Illinois Senate Mulls $8 Billion Tax Hike

Published July 1, 2008

The Illinois Senate is considering legislation that would raise state taxes by nearly $8 billion to pay down state debt, finance road construction, and increase education funding. Critics argue the tax increase would strike a devastating blow against the state’s already stagnant economy.

The proposal–Senate Bill 2288–was introduced by the Reverend Sen. James Meeks (D-Chicago) and is co-sponsored by Senate President Emil Jones (D-Chicago). It would raise Illinois’ personal income tax by 67 percent, taking it from 3 percent to 5 percent. The corporate income tax would be increased from 4.8 percent to 8 percent.

Often marketed as a “tax swap,” the bill would commit nearly $2.9 billion to a proposed property tax abatement fund. In effect, the state government would increase income taxes in order to pay local governments to lower property taxes.

No Guarantees

Greg Blankenship, president of the Illinois Policy Institute, noted, “there is no guarantee that local authorities will permanently lower property taxes, and it is almost certain that future legislatures will raid any property tax relief for other priorities.

“Thus, taxpayers are going to pay higher income taxes and higher property taxes as a result of this bill,” Blankenship warned.

SB 2288 is a retread of legislation that has been popular for years with many of the state’s labor and teacher unions. In the past, proponents of similar legislation have pledged to dedicate almost all of the proposed new tax revenues to public education and property tax abatement.

The newest version of the bill pledges only 7.5 percent of new revenues to K-12 education and only 36 percent to the property tax abatement scheme.

Many Purposes

Nearly $1 billion would be used to fund a capital development plan. Another $600 million would be paid out via a family tax credit. Another $300 million would go to the state’s universities and community colleges.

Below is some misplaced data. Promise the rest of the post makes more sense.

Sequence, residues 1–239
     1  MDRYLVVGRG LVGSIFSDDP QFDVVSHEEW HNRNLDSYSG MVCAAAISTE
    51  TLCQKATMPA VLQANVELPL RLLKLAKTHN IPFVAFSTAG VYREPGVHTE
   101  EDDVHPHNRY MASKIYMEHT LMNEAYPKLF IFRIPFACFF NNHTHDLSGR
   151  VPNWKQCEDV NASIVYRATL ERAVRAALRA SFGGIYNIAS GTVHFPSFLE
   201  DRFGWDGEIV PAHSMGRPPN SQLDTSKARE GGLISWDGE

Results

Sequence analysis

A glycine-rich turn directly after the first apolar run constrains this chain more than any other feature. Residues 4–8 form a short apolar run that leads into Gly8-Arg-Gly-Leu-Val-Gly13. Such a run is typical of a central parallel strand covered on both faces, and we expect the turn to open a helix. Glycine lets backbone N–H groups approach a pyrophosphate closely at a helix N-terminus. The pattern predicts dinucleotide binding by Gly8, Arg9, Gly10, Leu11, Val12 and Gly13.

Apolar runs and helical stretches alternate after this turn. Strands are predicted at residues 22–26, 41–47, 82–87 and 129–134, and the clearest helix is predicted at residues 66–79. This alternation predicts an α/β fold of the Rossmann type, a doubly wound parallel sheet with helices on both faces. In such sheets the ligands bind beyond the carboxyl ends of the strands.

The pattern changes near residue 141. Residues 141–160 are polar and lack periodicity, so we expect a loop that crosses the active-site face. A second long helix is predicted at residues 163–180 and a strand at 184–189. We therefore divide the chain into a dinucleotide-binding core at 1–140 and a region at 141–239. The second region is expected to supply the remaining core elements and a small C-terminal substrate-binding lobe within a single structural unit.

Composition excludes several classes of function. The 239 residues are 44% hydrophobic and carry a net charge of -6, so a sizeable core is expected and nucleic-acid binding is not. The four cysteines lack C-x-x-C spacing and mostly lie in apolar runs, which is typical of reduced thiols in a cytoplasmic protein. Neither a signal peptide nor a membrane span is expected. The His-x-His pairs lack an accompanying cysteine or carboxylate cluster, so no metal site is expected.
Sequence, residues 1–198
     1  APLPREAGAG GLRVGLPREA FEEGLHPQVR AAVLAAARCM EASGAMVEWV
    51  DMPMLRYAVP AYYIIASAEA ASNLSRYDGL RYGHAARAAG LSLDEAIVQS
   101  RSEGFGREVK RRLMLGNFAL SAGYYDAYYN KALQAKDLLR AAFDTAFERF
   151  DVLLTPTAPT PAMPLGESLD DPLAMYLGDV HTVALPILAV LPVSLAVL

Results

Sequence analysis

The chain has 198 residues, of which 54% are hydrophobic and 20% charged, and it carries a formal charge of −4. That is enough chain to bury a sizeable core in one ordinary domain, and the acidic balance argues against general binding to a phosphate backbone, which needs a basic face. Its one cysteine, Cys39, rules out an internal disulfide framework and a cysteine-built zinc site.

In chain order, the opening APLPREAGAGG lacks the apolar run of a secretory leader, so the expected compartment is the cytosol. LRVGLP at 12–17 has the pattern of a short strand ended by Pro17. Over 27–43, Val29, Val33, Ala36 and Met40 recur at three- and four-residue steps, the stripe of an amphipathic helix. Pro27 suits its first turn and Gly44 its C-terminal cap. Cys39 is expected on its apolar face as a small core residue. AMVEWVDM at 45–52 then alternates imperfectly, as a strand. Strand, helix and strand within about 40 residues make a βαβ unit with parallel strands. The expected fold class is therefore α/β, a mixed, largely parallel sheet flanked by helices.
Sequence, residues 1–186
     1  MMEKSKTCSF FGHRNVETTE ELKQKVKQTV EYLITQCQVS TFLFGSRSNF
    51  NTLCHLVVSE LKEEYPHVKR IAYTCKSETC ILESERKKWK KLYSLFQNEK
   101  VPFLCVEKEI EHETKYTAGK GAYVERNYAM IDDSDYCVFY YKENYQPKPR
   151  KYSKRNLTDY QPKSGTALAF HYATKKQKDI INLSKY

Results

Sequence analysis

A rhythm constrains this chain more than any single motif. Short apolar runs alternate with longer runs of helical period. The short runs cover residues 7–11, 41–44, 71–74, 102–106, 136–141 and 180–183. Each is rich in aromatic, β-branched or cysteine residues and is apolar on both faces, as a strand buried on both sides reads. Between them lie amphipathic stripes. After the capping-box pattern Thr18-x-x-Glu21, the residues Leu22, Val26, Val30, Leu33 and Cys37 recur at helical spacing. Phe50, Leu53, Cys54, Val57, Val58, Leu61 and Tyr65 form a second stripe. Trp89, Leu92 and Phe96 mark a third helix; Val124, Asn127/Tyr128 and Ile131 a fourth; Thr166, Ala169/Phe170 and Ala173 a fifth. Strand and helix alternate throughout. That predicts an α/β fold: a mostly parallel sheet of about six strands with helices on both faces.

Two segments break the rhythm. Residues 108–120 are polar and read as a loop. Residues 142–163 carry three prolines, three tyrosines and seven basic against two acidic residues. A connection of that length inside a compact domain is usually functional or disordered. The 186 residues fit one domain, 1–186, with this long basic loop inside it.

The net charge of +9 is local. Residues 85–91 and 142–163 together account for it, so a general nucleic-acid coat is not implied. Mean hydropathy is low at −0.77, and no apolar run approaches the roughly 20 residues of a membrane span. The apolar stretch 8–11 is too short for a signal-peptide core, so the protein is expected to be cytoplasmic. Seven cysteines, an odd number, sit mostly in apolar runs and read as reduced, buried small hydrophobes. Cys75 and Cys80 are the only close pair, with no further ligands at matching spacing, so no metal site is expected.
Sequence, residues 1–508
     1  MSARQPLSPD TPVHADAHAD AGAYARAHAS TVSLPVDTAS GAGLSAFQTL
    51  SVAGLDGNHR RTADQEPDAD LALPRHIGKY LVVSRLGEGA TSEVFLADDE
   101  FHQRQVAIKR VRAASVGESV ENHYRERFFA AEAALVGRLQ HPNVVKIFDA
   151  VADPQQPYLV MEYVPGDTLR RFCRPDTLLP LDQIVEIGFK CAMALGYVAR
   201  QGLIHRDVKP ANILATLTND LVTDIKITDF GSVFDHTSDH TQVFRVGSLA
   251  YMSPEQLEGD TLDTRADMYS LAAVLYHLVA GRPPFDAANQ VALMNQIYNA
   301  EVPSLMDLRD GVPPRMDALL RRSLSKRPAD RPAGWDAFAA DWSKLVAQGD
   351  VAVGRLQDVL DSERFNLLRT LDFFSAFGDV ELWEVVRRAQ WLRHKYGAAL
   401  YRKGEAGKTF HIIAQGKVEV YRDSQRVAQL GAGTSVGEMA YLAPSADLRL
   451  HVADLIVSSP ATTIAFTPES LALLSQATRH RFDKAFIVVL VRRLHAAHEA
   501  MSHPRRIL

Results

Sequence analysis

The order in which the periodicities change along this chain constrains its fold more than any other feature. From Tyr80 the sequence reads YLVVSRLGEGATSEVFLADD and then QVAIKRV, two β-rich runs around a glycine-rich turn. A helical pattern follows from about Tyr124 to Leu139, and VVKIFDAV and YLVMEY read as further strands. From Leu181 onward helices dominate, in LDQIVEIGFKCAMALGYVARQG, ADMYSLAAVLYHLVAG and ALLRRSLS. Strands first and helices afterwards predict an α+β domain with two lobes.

Nearly $1.8 billion in new revenues would be used to service state debt, pay delinquent Medicaid bills, and increase payments into the state employee pension fund. Another $800 million would be used for those same purposes if the state can find a way to divert new income tax revenues that otherwise would be allocated directly to local governments, according to Sen. John Cullerton (D-Chicago), a co-sponsor of the legislation.

Proponents of open government question the timing of a capital development campaign, absent a reform of Illinois’ notoriously opaque budget process.

“Before any new money is spent on state construction projects, lawmakers need to develop a process that allows taxpayers to see how that money is going to be spent,” said Joe Calomino of Americans for Prosperity. “Otherwise, lawmakers will only fuel the culture of waste, fraud, and abuse in Illinois government.”

‘Worst Thing’

Other critics argue Illinois simply cannot afford another tax increase.

“The worst thing that Illinois could do is raise its income tax,” said Ohio University economist Richard Vedder, speaking in the state capital of Springfield on April 2. “Your income tax is flat. It’s relatively low. Leave it alone.”

An Illinois native, Vedder was addressing state lawmakers and businesspeople regarding a new book, Rich States, Poor States, which ranked Illinois’ economic outlook as eighth-worst in the nation. According to the book’s authors–well-known economists Arthur Laffer and Stephen Moore–states should cut taxes to increase economic growth. Such growth would lead not only to greater prosperity for the state’s taxpayers but also greater revenues for state government.

SB 2288 takes precisely the opposite approach, despite the warnings issued by Laffer and Moore in their book, “If history is any guide, states that try to respond to slow revenue growth and budget deficits with tax hikes will not gain tax revenues; they will lose businesses, jobs, and families.”

Collin Hitt ([email protected]) is director or education policy and reform at the Illinois Policy Institute in Springfield, Illinois.